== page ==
We had already tested the weekend before, which revealed that the “unchanged” clutch had, in fact, changed significantly. We checked the bottles, lines, solenoids and controller, all of which were in perfect working order, which left the clutch itself. It seems new flat plates and a new drive plate mounting method meant new settings would be required, and the only way to arrive at them would be trial and error.

The first runs saw the engine bog badly, barely getting away from the startline, and acting jerkily driving forward to the burnout area. Patiently altering the settings with educated guesses, we progressed to a 9 second run, then a 8.0, but then a pop at the end of that run bent the single throttle butterfly 45 degrees, revving the engine with the throttle closed. Mick hammered it flat on the towbar of the van and we were good to go again, but the next day the bike was misfiring and popping in the burnout and launch, and a number of sensors had given up the ghost too, so we packed up and came home.

Later examination of the remaining datalogged sensors showed a ref/sync error, which means the cam and crank sensors are not in agreement about position. We’ll look at these with our tame ECU man Mark Harrison at Horsepower Factory soon. In the meantime, we’ve pulled out of the Springspeed Nationals as we don’t have time to fix the bike by then.

Congrats go to the Warpspeed Racing team for the event went and a STORMING 6.32 @ 213mph European record by Stu Crane in the final. Very well done sir!!

A huge THANK YOU to our new sponsor, Keith at Auto Electrical Parts UK, who has paid for our fuel for the year. Be sure to check them out here:


Thanks also to Michael Lines and Per @ Bentec for their help and support with parts over the winter.

Pics from Fredy, Sarah, Simon and Mick.

Euro Finals Shootout 2021

With travel to the UK for most European competitors out of the question (although some incredibly determined racers did actually make it), the Euro Finals was downgraded to a national event, albeit with a good turnout of fuel cars and bikes. For us this meant running in the Funnybike class as usual, and not in Top Fuel bike as we usually do at European rounds.

After the unsettled year we have had we chose to run the Thursday test day immediately prior to the event to make sure everything, including the rider, was working as it should. The first test run gave a promising 1.08 to 60′ with a little tyre shake and 2.88 to 330′, but the front wheel bobbled then washed out on landing. We decided to try lowering the wheelie bars a little and adjusting the handlebars for the next run.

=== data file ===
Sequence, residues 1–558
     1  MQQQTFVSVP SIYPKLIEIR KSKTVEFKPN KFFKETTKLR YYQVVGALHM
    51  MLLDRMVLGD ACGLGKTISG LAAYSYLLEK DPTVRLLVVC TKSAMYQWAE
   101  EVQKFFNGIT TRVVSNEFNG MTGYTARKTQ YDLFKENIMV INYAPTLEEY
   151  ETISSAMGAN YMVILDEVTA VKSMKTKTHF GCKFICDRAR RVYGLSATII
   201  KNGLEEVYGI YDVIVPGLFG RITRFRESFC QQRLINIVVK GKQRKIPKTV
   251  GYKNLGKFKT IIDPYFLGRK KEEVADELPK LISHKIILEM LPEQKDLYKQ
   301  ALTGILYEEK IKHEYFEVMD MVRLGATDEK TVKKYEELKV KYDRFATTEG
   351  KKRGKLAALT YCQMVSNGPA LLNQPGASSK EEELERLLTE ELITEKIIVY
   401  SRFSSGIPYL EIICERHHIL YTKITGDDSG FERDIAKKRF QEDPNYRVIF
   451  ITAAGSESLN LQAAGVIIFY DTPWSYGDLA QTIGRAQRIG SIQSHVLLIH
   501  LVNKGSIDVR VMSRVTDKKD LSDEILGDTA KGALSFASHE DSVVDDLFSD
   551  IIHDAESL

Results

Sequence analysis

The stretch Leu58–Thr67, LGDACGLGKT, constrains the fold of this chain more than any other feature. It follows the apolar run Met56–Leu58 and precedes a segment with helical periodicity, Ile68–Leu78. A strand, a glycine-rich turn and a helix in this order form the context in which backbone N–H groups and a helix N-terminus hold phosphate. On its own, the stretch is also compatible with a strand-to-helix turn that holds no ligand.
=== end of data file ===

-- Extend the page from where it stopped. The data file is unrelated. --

After a break for some rain we went to the start but the bike would not shift gear – wires to the gearchange button had broken off.

Around 4pm we tested again with a PB 60′ of 1.079, but I extra shifted from 3rd back to first gear (a software protection we had to prevent this has got lost along the way), which doesn’t do any damage to the engine but does ruin any chance of a decent run. Also the small turbo oil drain line came off, giving me shiny legs and making quite a mess. No damage was done but we retired for the day to clean up and take stock.

Friday was the first qualifying day for the event, but after the first session burnout the engine refused to idle. Back in the pits we adjusted the idle screw and all seemed well. After a good amount of rain the second qualifying session happened at 5.45pm. Again the engine tried to die after the burnout. Simon and Santa Pod chief starter Ian Marshall pulled the bike back to the start line while I tried to keep the throttle partially open but the bike was pointing heavily to the right. Setting off with a brisk 1.09 to 60′ we just about missed the right wall with a shutoff 7.6 to qualify 5th, but a small fire occurred in the shutdown area when the cam cover breather hose and some wires got close to the hot exhaust. On top of that, a sprung bolt used in the clutch pressure plate had snapped off, leaving Mick with an overnight repair job!

By Saturday morning Mick had fixed the clutch, but by then Fredy had found a loose injector while cleaning. Inspection revealed that an injector pocket welded into the inlet manifold had broken off inside, which almost certainly was the cause of the idling problem. Mick went back home again to fix the manifold, and Simon collected it from him later. The team then worked til 11pm to rebuild the manifold and surrounding parts, with no chance of any further qualifying runs. Thanks to Kermit who came to watch, but ended up getting his hands dirty! We couldn’t have got it all done without you.

Sunday then, we met #3 qualifier Dave Peters in round 1 of eliminations. Dave and his team had faced their own challenges over the weekend, piecing together one good engine out of three overnight and almost beating his PB in the process. Our burnout and staging procedure went fine, but 0.5 seconds into the run we lost all boost and Dave took the win.

We’ll be looking into the loss of boost, and the fuel fumes which have been getting worse all year, before the next event at the end of September, the National Finals.

Congratulations to Mark Smith for the event win and his first six second run. Now you know what arm-stretching turbo power feels like! Nice dance moves too!

Commiserations to Tony Clark and others who suffered engine damage after some great performances.

Thanks to our hard working team who all pulled together to get us to the eliminations; Mick H, Simon, Dave, Mik B, Fredy and Sarah, and to the Santa Pod crew who let us do what we do and keep us as safe as possible.


Pics from Sarah White, Santa Pod, Pudgey’s Pics and Blackett Photography.

Green Light Nationals 2021